Re: The True Cost of the Essentials (Implementing Peer Review)

From: Stevan Harnad <>
Date: Tue, 26 Feb 2002 17:20:04 +0000

---------- Forwarded message ----------
Date: Tue, 26 Feb 2002 11:30:22 -0500
From: Peter Suber <>
To: jkirk <>,
Subject: costs of peer review

At 01:05 PM 2/25/2002 -0700, Joanna Kirk wrote:
>I don't understand why peer review costs money. I have peer reviewed
>articles for academic sources and never got paid for it--what's the secret?
>[Quoting the 2/25/02 issue of the FOS Newsletter:]
>[Jon Gordon] leaves the false impression that BOAI doesn't endorse peer
>review, doesn't know it costs money, or doesn't have a way to cover the
>costs. To see how I would have replied, see the BOAI FAQ on these points,

Joanna: Good question. Peer review consists of editorial judgment and
paper shuffling (or digital file shuffling). In most journals and most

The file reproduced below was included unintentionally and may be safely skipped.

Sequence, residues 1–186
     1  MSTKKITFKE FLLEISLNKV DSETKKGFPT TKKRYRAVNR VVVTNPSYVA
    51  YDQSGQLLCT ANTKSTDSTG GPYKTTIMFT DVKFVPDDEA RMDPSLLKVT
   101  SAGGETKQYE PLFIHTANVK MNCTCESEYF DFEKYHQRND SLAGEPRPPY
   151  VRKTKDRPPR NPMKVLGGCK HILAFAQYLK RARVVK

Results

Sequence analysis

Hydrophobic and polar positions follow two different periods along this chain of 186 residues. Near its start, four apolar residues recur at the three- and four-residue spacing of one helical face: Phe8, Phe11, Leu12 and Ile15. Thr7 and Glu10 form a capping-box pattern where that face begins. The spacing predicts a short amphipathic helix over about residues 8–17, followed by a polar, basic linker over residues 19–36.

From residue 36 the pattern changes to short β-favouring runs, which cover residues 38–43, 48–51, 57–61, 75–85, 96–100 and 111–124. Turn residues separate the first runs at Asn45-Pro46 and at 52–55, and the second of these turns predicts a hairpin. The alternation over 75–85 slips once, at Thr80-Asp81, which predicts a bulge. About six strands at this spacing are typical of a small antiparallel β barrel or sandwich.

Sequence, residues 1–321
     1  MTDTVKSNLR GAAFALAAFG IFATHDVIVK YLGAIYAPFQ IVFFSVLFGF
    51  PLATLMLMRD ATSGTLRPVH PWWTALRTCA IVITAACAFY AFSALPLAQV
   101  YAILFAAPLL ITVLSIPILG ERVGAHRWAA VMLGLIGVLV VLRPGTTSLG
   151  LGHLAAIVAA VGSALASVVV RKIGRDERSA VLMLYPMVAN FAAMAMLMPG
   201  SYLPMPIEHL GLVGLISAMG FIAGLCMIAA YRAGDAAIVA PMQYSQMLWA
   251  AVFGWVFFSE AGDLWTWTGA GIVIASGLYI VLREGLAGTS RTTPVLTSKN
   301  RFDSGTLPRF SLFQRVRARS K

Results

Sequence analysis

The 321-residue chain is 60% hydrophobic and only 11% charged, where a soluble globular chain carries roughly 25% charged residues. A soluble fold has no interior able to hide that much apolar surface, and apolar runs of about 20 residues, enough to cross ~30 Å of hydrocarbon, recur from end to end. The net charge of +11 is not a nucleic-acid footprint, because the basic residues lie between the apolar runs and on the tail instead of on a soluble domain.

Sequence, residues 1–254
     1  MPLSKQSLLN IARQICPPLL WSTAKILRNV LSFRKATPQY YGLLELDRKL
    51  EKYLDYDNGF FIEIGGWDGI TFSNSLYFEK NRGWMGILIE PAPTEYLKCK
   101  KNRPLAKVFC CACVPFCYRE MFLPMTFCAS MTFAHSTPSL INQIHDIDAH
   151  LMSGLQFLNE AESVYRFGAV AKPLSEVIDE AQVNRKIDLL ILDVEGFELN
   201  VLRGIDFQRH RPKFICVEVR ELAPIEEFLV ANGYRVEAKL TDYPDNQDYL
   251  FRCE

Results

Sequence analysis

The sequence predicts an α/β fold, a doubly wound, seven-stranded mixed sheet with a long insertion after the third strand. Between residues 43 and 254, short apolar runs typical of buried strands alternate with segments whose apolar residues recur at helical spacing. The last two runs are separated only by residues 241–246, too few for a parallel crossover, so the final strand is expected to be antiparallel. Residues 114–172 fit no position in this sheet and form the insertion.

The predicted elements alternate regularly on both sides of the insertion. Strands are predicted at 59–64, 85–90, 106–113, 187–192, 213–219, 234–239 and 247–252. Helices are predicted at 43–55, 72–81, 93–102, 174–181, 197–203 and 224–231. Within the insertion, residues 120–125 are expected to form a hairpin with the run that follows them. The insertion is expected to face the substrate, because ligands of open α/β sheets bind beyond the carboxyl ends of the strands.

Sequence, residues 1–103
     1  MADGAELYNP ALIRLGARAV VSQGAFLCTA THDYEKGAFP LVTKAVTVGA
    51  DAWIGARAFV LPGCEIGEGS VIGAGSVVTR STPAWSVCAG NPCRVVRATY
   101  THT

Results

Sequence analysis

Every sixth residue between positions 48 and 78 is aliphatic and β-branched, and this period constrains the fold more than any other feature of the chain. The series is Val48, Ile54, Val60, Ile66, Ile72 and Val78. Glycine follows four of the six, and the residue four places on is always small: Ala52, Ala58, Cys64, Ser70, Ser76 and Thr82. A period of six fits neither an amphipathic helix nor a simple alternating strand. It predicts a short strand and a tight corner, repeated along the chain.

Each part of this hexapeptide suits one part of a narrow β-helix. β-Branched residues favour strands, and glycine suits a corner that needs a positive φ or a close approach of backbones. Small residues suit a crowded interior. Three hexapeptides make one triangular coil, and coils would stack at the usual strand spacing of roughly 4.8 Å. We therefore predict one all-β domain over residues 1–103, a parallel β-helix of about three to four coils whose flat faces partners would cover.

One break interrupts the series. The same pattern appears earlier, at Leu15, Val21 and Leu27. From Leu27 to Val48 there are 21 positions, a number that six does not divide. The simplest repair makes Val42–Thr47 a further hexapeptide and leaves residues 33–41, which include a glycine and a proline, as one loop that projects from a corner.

fields, the editors and reviewers exercising judgment are donating their
time. So the costs arise only from the clerical work of moving files
around, monitoring who's doing what, nagging dawdlers, and so on. The cost
of this varies, of course, depending on how many submissions must be vetted
per published article and how punctual all the players are. But the fact
that the important players donate their time doesn't eliminate all the
costs. The best estimate I've seen for the average is $200-500 per
article. This estimate probably does not take into account the
increasingly sophisticated software (at a wide range of prices) to automate
these clerical jobs.

Peter Suber, Professor of Philosophy
Earlham College, Richmond, Indiana, 47374

Editor, The Free Online Scholarship Newsletter
Received on Tue Feb 26 2002 - 17:21:22 GMT

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